Last week at the National Archives, I was struggling with Chancery records from the 1820s. These documents, hand-written on heavy paper, three feet wide, some of them six feet long, contained the submissions to the Court of Chancery. They came in a grubby roll, more than a foot in diameter, and judging from the filthy string used to tie them up, had not been opened up for examination this side of the reign of Queen Victoria.
I was musing on the costs of the Court of Chancery; it was the real villain in Dickens’ Bleak House, where the case of Jarndyce vs Jarndyce dragged on for generations. Chancery was a so-called court of equity, the refuge of a wronged litigant when he had no recourse to statute or common law. It has been said that "...two centuries before Bleak House, Chancery became synonymous with expense, delay and despair..." Looking at the great pile of documents before me it, became clear that just the cost of preparing the submissions must have kept a whole army of clerks in expensive, full-time occupation.
I seem to have made a writing career chronicling Victorian miscarriages of justice. Miscarriages mostly, it has to be said, due to the judiciary themselves. In both of the cases I have researched, Chancery played a greater or lesser role. Thank goodness it’s not like that anymore.
Then, on Friday, I went inside the Royal Courts of Justice in the Strand. The building(s), a sort of Victorian Gothic Ruritainian palace, were opened by the Queen in 1882 and little seems to have changed in the 130 years since. I was there because the wills search room has relocated to one of the courts from Holborn during some refurbishments.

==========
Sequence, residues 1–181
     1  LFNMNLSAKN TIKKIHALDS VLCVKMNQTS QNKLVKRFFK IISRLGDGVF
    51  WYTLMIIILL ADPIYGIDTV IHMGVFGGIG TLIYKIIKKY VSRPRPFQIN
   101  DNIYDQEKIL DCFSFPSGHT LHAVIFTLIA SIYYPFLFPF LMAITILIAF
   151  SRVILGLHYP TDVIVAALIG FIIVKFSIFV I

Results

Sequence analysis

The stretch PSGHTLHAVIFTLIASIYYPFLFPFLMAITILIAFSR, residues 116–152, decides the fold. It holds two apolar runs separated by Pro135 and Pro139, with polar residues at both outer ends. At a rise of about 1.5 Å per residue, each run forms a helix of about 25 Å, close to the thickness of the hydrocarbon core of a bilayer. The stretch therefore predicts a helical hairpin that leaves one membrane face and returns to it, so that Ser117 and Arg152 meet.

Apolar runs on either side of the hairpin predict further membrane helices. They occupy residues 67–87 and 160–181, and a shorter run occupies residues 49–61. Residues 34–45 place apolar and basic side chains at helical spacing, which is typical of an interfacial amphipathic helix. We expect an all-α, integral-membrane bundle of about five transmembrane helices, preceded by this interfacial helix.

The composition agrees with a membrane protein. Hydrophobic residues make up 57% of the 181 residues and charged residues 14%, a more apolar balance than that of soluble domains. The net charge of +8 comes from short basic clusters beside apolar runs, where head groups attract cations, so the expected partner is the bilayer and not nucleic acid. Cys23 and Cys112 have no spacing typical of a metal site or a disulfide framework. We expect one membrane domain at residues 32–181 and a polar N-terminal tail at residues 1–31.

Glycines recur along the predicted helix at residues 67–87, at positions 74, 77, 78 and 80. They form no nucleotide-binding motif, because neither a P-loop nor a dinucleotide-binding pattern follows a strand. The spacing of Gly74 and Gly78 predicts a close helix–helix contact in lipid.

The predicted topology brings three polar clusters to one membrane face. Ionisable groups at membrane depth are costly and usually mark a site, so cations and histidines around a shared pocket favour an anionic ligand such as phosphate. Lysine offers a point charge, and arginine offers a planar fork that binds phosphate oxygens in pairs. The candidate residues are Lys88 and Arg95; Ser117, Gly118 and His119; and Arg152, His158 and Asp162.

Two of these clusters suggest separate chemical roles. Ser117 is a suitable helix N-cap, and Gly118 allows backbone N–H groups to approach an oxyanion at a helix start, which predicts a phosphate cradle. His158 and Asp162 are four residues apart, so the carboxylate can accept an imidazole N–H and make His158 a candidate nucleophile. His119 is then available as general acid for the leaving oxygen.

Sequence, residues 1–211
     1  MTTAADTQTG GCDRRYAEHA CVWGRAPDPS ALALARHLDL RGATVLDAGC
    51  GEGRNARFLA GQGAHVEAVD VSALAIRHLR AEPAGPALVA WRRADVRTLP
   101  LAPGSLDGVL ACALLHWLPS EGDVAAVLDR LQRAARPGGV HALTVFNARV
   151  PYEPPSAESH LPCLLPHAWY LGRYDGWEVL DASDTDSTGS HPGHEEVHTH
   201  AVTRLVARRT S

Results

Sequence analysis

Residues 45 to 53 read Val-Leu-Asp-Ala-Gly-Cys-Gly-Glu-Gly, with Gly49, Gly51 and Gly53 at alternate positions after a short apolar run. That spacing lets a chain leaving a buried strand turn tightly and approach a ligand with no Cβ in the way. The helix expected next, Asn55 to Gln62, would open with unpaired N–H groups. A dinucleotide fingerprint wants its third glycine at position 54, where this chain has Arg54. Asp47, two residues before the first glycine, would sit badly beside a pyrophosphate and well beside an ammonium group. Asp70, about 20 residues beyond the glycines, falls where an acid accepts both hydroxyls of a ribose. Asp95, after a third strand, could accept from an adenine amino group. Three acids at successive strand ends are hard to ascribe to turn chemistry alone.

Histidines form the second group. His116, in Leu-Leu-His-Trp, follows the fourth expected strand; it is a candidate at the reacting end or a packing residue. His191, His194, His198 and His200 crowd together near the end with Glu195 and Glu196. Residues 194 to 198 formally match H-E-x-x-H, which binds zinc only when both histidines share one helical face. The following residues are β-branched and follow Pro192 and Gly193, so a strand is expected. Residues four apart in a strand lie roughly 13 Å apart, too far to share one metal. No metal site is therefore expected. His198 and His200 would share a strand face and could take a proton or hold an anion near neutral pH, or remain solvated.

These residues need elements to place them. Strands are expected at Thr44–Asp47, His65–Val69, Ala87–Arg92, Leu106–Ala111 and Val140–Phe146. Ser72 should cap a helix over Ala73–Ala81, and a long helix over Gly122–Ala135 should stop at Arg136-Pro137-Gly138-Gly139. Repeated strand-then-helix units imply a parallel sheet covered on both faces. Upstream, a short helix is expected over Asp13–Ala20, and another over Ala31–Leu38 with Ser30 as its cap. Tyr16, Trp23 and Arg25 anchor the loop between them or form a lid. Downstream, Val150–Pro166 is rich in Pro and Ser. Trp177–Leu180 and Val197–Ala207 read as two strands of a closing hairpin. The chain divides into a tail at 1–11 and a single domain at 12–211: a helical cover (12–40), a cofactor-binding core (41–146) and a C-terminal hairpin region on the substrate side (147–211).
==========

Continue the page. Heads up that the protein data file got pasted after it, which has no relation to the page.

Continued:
Court 38, in the West Green Building, is almost as far from the entrance as it is possible to get, but the helpful enquiry desk provided a set of printed instructions for finding it; "Go to the rear of the main hall...Go through the central arch...Go up a few steps...turn left etc..." I found the West Green Building, although I did have to ask a lady barrister at one point because even half a page of instructions were not unambiguous...
I located the will I was after, and it was then necessary to go to the fees office to pay the copying charge. They provide a map to show you how to get there, via two courtyards and past the coffee shop. In this way I had the opportunity of walking around most of the ground floor.
The internal architecture of the RCJ is about as bizarre as the outside, and with the old-fashioned notice boards, the brass fittings, the extravagant tiled floors and the endless cloister-like corridors, it is difficult not to believe that you have been transported back to Victorian times. This impression is only reinforced by the occasional view of barristers scurrying about in their atavistic get-up, with horse-hair wigs, gowns and tabs over a winged collar.
And, God save us, there is still a Chancery Division in the Royal Courts of Justice!
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Welcome to the Mirli Books blog written by Peter Maggs